Nicolas Deneschau, author of Les mystères de Monkey Island: A l’abordage des pirates!, shares his thoughts about the cultural impact of and around Return to Monkey Island.
The incredible, unexpected, and almost unimaginable announcement of a new entry in the mythical Monkey Island saga was greeted with a bout of contagious joy and jubilation that probably exceeded even the expectations of Ron Gilbert and his army of veterans. An army that is one of the most notable gatherings of game developers, representing the glories of yesteryear, from an era when LucasArts still was associated with creativity, humor, and impertinence. In these troubled times, when the world is emerging from a pandemic and when a war has been raging in Europe for just over a month, it is an apprehensive but genuine patch of blue sky that has opened up for a whole generation of gamers. Gamers in their forties, nostalgic at the announcement of a game whose development, paradoxically, began during a pandemic. There is an excitement seen in younger gamers—or simply those less familiar with what Monkey Island represents in video game history—now curious about a game that could excite these old boomers so much. A game from an obscure developer with the self-appointed title of "grumpy gamer."
If Monkey Island unambiguously represents a milestone in the long history of adventure games; if it made it possible to put Ron Gilbert's game design theories into practice; and if it dug a rut that engulfed a whole generation of point-and-click and other adventure games, it is still quite complicated to simply explain the exceptional posterity of these titles. It is difficult to explain the impact of two simple games (developed respectively between 1989 and 1991) and to gauge their emotional impact on each player. This fracture between a nostalgic group who dreamed of returning to Monkey Island and one curious about this nascent hype has, without a doubt, planted the seed for Ron Gilbert and his team to return to the world of Guybrush Threepwood.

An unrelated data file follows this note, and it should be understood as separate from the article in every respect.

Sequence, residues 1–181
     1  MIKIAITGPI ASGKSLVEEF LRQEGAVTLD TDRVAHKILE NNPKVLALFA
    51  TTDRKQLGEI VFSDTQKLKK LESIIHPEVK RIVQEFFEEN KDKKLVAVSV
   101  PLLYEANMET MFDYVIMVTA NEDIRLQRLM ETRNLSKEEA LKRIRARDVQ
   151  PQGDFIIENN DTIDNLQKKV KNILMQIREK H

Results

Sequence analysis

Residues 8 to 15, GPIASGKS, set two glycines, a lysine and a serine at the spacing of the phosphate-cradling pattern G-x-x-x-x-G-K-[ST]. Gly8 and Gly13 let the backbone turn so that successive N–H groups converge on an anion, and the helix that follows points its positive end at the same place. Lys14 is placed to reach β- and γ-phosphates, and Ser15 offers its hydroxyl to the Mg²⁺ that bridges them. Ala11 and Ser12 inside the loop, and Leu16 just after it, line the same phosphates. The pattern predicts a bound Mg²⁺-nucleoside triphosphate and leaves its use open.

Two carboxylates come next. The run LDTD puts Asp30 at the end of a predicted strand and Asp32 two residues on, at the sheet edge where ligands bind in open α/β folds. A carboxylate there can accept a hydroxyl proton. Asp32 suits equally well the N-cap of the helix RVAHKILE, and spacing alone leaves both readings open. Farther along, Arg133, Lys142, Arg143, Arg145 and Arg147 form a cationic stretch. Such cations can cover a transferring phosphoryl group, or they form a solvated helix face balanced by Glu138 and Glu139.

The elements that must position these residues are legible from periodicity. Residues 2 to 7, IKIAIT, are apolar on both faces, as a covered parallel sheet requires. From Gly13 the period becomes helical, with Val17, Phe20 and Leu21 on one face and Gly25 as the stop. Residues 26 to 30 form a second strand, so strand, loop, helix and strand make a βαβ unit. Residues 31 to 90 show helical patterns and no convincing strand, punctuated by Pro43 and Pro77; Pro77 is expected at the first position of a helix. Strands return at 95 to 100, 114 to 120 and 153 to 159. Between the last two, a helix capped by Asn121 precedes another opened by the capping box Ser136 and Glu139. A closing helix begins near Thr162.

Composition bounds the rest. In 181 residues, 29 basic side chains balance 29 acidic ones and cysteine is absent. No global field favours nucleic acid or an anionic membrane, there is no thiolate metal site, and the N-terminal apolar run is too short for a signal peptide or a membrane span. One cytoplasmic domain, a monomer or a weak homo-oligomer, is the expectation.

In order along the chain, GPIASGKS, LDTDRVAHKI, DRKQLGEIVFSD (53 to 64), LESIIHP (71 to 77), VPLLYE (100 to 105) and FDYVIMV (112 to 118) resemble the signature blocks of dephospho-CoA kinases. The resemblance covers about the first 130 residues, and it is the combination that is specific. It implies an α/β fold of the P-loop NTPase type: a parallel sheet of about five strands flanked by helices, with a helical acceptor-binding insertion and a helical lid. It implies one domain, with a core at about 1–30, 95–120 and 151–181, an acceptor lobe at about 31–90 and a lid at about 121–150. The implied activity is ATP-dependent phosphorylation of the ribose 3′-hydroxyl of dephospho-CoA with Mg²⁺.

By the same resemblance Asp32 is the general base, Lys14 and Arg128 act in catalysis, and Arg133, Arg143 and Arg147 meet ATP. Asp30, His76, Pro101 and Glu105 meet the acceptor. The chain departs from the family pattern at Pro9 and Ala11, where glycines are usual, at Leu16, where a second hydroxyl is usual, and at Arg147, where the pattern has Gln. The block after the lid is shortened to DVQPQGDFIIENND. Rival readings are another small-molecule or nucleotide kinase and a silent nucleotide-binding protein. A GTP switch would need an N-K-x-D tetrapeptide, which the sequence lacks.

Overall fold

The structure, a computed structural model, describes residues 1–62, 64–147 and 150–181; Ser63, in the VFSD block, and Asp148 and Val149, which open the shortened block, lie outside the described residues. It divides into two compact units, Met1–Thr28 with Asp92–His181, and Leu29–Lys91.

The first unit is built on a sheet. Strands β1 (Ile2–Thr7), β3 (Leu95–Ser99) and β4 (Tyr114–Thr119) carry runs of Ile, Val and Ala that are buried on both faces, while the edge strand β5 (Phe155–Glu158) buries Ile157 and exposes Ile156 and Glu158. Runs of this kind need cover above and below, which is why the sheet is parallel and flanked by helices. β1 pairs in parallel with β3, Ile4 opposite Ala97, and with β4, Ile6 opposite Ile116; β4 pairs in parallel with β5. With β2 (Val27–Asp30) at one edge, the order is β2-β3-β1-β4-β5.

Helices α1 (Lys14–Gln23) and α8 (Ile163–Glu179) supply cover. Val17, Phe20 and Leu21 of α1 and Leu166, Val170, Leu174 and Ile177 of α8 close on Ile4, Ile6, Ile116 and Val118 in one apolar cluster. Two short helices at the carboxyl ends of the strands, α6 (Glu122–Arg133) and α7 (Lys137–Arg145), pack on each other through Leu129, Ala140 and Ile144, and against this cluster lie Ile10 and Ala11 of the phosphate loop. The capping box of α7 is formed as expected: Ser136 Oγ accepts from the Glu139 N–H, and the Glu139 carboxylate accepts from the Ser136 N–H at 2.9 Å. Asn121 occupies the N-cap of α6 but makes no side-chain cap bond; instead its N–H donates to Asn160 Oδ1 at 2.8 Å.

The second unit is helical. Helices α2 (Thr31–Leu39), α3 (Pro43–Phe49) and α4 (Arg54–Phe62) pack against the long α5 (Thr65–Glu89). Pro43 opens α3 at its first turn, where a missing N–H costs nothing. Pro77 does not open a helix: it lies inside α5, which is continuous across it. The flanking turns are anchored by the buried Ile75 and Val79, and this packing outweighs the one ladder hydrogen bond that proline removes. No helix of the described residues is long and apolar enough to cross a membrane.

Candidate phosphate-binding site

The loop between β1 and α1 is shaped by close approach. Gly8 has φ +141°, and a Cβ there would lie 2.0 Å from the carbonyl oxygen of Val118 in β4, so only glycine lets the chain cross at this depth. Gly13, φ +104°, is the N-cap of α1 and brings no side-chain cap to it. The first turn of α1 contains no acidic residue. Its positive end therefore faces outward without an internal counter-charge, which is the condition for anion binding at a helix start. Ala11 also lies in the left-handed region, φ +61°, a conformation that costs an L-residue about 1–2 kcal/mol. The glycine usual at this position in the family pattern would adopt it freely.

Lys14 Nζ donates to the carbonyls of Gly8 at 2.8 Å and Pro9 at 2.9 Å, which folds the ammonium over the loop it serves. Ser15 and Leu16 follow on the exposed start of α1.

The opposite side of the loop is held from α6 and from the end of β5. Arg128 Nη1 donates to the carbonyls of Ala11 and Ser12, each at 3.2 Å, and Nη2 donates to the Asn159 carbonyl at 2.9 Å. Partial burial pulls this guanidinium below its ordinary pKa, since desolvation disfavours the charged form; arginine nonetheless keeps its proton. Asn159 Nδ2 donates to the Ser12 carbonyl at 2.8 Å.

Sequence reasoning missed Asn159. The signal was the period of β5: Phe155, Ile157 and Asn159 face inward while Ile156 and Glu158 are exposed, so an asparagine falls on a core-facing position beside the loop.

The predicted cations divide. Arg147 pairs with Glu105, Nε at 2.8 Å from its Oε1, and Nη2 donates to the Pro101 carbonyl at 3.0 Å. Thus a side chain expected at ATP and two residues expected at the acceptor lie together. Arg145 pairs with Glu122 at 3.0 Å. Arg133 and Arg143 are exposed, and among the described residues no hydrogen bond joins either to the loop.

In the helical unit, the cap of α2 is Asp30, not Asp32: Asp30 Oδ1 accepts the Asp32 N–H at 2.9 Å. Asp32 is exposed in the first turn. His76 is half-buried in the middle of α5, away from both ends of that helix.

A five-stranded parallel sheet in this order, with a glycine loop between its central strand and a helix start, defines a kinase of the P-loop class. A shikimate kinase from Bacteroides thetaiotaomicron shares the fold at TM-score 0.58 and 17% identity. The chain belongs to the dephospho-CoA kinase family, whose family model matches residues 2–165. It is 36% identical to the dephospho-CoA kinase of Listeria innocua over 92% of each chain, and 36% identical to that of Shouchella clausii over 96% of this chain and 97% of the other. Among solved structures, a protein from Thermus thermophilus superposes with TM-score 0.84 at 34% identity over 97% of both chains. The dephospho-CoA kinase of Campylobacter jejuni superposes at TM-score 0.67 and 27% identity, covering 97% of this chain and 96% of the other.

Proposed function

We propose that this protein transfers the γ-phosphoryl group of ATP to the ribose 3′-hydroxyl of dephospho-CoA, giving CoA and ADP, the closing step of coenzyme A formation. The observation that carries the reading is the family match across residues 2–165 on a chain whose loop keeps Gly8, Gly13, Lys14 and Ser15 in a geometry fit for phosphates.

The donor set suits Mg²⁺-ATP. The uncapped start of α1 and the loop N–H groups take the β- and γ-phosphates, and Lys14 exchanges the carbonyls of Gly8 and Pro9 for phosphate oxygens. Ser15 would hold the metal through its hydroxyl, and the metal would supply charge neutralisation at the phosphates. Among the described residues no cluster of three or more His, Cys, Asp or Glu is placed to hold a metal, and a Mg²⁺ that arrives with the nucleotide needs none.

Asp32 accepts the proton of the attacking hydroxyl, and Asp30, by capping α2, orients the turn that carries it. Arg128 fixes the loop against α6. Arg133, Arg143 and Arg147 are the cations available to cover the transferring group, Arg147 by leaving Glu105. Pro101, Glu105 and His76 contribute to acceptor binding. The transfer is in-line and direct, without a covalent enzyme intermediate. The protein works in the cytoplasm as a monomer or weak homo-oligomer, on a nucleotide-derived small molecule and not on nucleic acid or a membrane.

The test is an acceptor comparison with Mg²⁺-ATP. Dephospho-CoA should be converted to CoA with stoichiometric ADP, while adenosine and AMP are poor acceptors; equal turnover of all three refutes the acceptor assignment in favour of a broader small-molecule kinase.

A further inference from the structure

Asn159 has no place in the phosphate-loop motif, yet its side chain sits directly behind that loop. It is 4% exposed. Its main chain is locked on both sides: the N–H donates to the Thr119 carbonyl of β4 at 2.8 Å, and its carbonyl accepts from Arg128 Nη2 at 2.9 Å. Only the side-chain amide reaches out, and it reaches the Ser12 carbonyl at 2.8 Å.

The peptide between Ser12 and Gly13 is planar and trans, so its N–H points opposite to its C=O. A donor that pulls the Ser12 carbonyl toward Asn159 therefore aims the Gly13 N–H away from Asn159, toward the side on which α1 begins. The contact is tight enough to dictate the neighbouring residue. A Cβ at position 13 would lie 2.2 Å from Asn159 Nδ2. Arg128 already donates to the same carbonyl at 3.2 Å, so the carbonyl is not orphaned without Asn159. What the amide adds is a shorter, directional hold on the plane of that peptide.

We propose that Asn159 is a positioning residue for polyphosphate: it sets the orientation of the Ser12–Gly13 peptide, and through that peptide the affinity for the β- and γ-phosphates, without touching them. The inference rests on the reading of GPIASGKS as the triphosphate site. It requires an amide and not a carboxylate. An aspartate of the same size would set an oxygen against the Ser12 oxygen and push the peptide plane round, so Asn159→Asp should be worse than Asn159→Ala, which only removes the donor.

The original creator of Monkey Island has long expressed his interest in delivering a sequel to LeChuck's Revenge, notably in a blog post from April 2013: "If I made another Monkey Island […] It would be a retro game that harkened back to Monkey Island 1 and 2. I'd do it as' enhanced low-res'. […] I would want the game to be how we all remember Monkey Island. […] It would be an adventure game for the hardcore. You're going to get stuck. You're going to be frustrated. Some puzzles will be hard, but all the puzzles will be fair. It's one aspect of Monkey Island I am very proud of. […] Nice big juicy icons full of pixels. The first version of Monkey Island 1 had text for inventory, a later release and Monkey Island 2 had huge inventory icons and it was nirvana. They will be so nice you'll want to lick them. [… ] The only way I would or could make another Monkey Island is if I owned the IP. I've spent too much of my life creating and making things other people own. […] It would be called Monkey Island 3a. All the games after Monkey Island 2 don't exist in my Monkey Island universe. My apologies to the all talented people who worked on them and the people who loved them, but I'd want to pick up where I left off. Free of baggage. In a carnival." But, now, in 2022, nine years later, it seems that Ron Gilbert's only "dying" wish that has lived on is: "The game would be the game I wanted to make. I don't want the pressure of trying to make the game you want me to make. I would vanish for long periods of time. I would not constantly keep you up-to-date or be feeding the hype-machine."